Archaeologists from the University of Turku, in collaboration with the Finnish Heritage Agency, and researchers from the University of Helsinki have uncovered a stone age wooden “staff” shaped like a serpent.
The discovery was made at the Järvensuo 1 prehistoric site, an ancient wetland environment on the shores of Rautajarvi Lake in the southwest of Finland. Järvensuo 1 was discovered by accident during the 1950’s by ditch diggers, and has been subject to ongoing excavations first commenced in 2019.
Due to the anaerobic conditions of the soil, previous studies have uncovered several perfectly preserved wooden artefacts, that includes a wooden scoop with a handle shaped like a bear’s head.
The latest “staff” discovery measures half a metre in length, and is shaped like a naturalistic slithering serpent with a snake’s head, that may have been used by a Stone Age shaman for ritualistic purposes.
Archaeologists note that the discovery is unlike any other wooden artefact from Neolithic Northern Europe, although snakes are sometimes depicted in contemporary rock art pictographs from the Pit-Comb Ware Culture (also called the Comb Ceramic Culture) where they are held by human-like figures.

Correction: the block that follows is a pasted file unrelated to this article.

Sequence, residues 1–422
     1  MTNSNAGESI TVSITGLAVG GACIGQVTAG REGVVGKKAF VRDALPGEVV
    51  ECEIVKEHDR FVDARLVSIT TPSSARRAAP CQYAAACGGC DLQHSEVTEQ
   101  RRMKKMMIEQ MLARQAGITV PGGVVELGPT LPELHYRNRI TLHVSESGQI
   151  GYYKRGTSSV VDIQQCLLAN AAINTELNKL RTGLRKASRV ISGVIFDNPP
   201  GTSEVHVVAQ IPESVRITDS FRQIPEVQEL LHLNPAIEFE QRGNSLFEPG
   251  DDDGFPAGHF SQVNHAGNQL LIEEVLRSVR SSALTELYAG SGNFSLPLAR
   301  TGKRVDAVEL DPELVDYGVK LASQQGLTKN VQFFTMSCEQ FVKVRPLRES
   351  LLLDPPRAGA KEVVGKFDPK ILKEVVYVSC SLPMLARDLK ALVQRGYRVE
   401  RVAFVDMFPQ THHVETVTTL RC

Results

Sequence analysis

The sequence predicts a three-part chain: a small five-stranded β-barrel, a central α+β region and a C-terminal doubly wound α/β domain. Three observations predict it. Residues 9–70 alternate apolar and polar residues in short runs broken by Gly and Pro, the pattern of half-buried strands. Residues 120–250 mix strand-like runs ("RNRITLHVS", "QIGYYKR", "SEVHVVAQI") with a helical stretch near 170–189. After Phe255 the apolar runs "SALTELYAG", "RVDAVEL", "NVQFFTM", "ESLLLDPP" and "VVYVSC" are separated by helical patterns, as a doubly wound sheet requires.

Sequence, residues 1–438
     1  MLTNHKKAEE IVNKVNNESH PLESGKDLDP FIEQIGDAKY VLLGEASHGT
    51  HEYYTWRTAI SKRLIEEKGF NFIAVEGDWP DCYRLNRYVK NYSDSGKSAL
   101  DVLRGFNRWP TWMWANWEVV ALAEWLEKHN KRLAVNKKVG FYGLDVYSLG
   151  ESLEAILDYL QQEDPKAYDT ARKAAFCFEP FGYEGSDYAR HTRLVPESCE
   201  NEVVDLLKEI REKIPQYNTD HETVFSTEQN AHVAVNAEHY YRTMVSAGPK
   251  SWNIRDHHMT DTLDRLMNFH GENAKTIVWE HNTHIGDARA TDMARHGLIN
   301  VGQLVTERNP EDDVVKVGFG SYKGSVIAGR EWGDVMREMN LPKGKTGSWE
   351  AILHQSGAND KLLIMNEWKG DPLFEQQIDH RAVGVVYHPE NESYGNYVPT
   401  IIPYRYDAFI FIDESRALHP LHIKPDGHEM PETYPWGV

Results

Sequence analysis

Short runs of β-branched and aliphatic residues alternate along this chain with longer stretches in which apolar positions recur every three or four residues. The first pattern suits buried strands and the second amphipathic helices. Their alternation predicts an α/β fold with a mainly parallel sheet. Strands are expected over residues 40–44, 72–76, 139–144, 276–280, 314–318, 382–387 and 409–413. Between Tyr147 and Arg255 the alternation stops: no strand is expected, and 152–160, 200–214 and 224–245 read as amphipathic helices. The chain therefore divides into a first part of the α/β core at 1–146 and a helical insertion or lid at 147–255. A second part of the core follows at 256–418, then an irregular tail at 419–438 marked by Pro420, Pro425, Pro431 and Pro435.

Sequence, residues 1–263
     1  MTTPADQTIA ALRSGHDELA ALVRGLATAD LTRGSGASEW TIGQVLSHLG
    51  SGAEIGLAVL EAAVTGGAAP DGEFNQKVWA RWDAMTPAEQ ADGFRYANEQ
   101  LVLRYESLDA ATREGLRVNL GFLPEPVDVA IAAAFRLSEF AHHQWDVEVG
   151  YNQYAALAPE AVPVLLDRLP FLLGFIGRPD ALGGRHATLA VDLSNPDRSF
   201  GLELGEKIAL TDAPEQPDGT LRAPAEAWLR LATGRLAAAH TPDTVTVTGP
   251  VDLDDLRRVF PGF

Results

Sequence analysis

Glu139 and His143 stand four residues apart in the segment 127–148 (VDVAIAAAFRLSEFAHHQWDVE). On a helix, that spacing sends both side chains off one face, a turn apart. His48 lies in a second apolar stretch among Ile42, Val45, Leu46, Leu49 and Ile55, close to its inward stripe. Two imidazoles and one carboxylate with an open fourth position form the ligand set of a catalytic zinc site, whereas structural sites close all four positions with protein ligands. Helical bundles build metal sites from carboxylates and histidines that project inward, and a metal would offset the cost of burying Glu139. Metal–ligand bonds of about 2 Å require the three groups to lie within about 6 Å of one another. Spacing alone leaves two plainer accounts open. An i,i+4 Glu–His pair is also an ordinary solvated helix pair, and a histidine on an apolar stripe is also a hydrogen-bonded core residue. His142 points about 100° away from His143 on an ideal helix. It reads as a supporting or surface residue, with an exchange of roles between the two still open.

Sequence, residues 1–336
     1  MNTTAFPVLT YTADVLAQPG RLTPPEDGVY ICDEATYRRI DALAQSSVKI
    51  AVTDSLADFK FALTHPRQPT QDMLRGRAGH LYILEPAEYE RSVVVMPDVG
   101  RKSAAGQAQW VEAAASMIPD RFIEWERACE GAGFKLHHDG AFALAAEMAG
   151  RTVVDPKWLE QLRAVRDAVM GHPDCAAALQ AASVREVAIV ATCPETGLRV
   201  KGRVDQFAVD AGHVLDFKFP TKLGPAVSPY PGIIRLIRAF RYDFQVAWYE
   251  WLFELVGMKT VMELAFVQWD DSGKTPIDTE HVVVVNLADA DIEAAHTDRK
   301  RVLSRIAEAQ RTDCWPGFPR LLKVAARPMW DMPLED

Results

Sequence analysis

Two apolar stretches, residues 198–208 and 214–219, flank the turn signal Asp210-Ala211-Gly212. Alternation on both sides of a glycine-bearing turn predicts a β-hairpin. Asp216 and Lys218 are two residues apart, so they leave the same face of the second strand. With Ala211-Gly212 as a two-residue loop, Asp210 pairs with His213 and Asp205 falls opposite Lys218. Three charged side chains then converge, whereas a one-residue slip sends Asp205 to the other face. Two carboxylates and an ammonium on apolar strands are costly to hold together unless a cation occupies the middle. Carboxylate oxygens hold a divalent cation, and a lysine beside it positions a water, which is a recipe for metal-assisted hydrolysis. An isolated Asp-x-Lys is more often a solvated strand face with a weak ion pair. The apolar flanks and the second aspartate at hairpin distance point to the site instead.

Dr Antti Lahelma from the University of Helsinki said: “There seems to be a certain connection between snakes and people, this brings to mind northern shamanism of the historical period, where snakes had a special role as spirit-helper animals of the shaman.”
Several wooden artefacts were also uncovered during recent excavations, including wooden utensils, structural remains, and many pieces of fishing equipment.
Dr Satu Koivisto, principal investigator of the Järvensuo research from the University of Turku, and lead author of this study said: “Well-preserved finds from wetlands help our understanding of ancient peoples and the landscape where they performed both mundane and sacred activities.”
The researchers stress that Järvensuo 1 is under threat, as drainage works and environmental changes exacerbated by climate change is placing the site and underlining archaeology at risk. “The signs of destruction caused by extensive drainage are already clearly evident at the site, and its organic treasures are no longer safe.” added Dr Koivisto. Find out more
Header Image Credit : Antiquity